Archive for November 12, 2016

Saturday, November 12, 2016 [Tweets] [Favorites]

launchctl asuser

Rich Trouton:

One challenge that can crop up for Mac admins is the problem of running a script or other tool with root privileges and using it to launch and run another tool, script or application as if the logged-in user had launched it. An example of this would be installing Dropbox using an installer package, then launching the Dropbox application as the logged-in user as a post-installation task. One reason to do so would be to give the user the opportunity to sign into their Dropbox account.

To accomplish this task, Apple has provided functionality in the launchctl tool.


Starting in OS X Yosemite, Apple made a number of changes to the launchctl tool and added a new asuser function. The asuser function is designed to take the place of the bsexec function, in the context of starting processes in the context of a specific user account. This makes it easier, as you now just need to figure out the username and do not have to figure out the PID of the user’s loginwindow process.

iOS Forensics Trace Leakage

Jonathan Zdziarski:

Apple has worked very hard to reduce the iPhone’s attack surface, but they haven’t yet fully addressed the underlying motivations of an attacker (specifically, the device’s forensic value), and that’s left the iPhone a very high value target. This is the oldest, and hardest challenge in the book: making sure that deleted data actually gets deleted. Conversations are ephemeral, but the traces of these conversations are not; this directly impacts how and why search warrants are executed and why mobile devices are targeted by attackers. If the user of the device believes their conversation to be deleted, it’s breaking their trust by keeping forensic traces of those conversations, and ultimately the device’s design can lead to a betrayal of the user’s privacy if data is stolen or a forensic image is made. Ephemeral conversations (or other exchanges) should also mean ephemeral data.

Uber’s JSON Compression

Todd Hoff:

The whole experience is described in loving detail in the article: How Uber Engineering Evaluated JSON Encoding and Compression Algorithms to Put the Squeeze on Trip Data. They came up with a matrix of 10 encoding protocols (Thrift, Protocol Buffers, Avro, MessagePack, etc) and 3 compression libaries (Snappy, zlib, Bzip2). The target environment was Python. Uber went to an IDL approach to define and verify their JSON protocol, so they ended up only considering IDL solutions.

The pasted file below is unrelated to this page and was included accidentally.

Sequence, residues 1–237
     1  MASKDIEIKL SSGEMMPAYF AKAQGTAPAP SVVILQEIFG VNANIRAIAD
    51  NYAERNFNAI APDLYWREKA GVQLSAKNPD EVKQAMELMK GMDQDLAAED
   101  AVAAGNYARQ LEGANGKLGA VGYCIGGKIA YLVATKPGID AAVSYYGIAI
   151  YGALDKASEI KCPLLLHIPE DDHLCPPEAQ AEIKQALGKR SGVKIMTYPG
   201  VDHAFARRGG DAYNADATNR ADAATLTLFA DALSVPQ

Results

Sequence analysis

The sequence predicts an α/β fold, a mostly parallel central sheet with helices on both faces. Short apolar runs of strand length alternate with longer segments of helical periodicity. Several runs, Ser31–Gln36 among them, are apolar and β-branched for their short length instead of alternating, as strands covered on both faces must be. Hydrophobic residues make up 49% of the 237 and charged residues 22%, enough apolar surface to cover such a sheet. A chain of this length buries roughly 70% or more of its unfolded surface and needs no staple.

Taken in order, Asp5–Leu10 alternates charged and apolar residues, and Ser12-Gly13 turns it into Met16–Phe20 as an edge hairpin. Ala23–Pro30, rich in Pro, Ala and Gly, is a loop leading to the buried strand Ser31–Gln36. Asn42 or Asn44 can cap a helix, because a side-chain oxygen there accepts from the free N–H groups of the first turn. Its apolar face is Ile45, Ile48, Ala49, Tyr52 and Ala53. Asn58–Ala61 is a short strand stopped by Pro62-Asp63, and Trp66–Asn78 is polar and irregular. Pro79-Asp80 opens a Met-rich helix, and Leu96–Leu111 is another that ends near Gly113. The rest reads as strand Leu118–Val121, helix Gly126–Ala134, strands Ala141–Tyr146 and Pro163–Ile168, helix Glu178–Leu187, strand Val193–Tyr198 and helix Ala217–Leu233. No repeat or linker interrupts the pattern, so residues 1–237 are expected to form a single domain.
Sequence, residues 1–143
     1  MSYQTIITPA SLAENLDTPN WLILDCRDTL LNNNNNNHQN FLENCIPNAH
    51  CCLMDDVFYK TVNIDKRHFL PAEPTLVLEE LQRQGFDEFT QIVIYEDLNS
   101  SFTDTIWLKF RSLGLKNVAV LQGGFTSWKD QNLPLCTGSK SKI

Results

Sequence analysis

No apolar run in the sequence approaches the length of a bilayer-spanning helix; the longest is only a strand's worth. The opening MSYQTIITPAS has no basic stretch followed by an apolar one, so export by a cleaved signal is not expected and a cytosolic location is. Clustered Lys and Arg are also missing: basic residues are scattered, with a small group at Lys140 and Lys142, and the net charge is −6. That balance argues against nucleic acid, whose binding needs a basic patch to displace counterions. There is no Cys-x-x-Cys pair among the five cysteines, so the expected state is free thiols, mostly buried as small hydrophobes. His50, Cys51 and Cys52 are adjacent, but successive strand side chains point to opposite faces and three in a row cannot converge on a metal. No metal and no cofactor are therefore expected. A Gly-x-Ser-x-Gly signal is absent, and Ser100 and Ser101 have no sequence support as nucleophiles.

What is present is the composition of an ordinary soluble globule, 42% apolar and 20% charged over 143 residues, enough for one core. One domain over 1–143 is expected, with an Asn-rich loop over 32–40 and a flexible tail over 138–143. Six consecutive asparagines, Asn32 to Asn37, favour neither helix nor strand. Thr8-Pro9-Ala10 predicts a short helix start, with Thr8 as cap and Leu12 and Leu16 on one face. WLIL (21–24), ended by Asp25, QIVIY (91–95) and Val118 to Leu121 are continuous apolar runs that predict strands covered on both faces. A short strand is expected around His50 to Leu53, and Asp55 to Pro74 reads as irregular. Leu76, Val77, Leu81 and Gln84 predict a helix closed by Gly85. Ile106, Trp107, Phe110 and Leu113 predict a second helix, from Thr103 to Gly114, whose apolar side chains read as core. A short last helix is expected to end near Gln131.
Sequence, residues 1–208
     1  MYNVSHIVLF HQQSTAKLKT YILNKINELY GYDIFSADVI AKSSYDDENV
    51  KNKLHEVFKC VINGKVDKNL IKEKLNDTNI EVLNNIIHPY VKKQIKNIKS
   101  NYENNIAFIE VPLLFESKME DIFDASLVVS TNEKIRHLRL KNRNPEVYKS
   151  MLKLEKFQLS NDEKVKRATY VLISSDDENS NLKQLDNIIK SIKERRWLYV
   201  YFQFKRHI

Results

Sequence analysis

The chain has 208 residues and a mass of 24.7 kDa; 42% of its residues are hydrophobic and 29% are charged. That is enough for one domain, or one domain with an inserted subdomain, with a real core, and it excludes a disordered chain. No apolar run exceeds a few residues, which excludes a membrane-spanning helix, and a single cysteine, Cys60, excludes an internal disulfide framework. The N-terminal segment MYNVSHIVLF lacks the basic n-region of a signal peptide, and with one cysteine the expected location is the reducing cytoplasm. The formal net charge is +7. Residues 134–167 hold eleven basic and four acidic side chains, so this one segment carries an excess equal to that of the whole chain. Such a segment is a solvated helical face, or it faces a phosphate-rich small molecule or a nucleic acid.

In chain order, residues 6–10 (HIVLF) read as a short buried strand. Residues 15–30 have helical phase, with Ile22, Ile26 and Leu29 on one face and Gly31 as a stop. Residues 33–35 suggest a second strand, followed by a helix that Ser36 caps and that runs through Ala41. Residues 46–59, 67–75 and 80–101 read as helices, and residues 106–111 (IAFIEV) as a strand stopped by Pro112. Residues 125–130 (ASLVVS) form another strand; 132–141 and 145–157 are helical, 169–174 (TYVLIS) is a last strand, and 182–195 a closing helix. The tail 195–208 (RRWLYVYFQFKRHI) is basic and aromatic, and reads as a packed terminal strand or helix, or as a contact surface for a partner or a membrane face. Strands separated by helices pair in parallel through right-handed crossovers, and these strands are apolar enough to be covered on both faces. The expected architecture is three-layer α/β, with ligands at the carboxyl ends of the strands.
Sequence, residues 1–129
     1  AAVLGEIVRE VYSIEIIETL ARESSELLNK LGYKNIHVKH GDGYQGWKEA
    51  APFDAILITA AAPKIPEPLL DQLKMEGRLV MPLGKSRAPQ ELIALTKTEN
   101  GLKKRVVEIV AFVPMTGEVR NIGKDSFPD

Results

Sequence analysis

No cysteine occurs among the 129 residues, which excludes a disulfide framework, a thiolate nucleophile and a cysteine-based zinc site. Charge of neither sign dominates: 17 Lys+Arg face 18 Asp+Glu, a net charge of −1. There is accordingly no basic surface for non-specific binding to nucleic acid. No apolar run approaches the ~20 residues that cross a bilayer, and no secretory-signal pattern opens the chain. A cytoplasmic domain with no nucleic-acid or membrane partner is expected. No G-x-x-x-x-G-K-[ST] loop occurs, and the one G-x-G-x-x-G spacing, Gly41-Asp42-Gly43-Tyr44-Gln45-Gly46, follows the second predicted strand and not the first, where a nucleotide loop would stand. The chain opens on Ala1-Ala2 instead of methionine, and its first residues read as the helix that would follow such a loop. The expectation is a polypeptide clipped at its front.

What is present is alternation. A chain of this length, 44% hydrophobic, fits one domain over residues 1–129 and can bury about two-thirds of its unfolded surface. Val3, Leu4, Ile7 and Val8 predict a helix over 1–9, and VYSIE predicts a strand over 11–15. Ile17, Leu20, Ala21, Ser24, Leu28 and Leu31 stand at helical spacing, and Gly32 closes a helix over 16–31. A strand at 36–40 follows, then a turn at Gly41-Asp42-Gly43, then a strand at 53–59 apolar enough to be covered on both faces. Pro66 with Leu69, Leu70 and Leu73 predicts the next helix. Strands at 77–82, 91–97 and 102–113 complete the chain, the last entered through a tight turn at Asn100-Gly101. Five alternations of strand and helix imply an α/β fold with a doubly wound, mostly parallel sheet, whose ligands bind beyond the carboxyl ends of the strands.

The conclusion: MessagePack with zlib. Encoding time: 4231 ms. Decoding: 715 ms. There was a 78% reduction in size relative to the JSON zlib combination.


Something to consider: don’t use JSON for messaging. The compression/decompression times are still dog slow. If you are going to use an IDL, which every grown up project eventually moves to for reliability and security reasons, consider not using JSON for messaging. Go for a binary protocol from the start.

Reversing Apple’s syslogd Bug

fG (via Hacker News):

While Apple makes available the source code for many components used in OS X, most of the time there is a significant delay so we need to use binary diffing to find out the differences between the vulnerable and updated binary. The usual tool for this purpose is BinDiff but there is also a free alternative called Diaphora made by Joxean Koret. Both tools require IDA and on this post we are going to use Diaphora.


The developer of this particular piece of code made a mistake, and the fix can be as simple as adding a set of parenthesis[…]

Reveal 2

Sean Woodhouse:

With this release we’re changing the way Reveal is versioned and licensed. We’re switching to a model where we release features as they are ready rather than holding them back for major paid upgrades. We’re also moving to a simpler version strategy. This release is version 2, the next will be version 3, and so on.

Licenses now include a year of updates, after which you can continue to use the last version of Reveal released within those 12 months. To continue to receive updates after the included 12 months, you will need to renew your license.


Instead of offering upgrade pricing for Reveal 2 we have lowered the price for all new and existing users.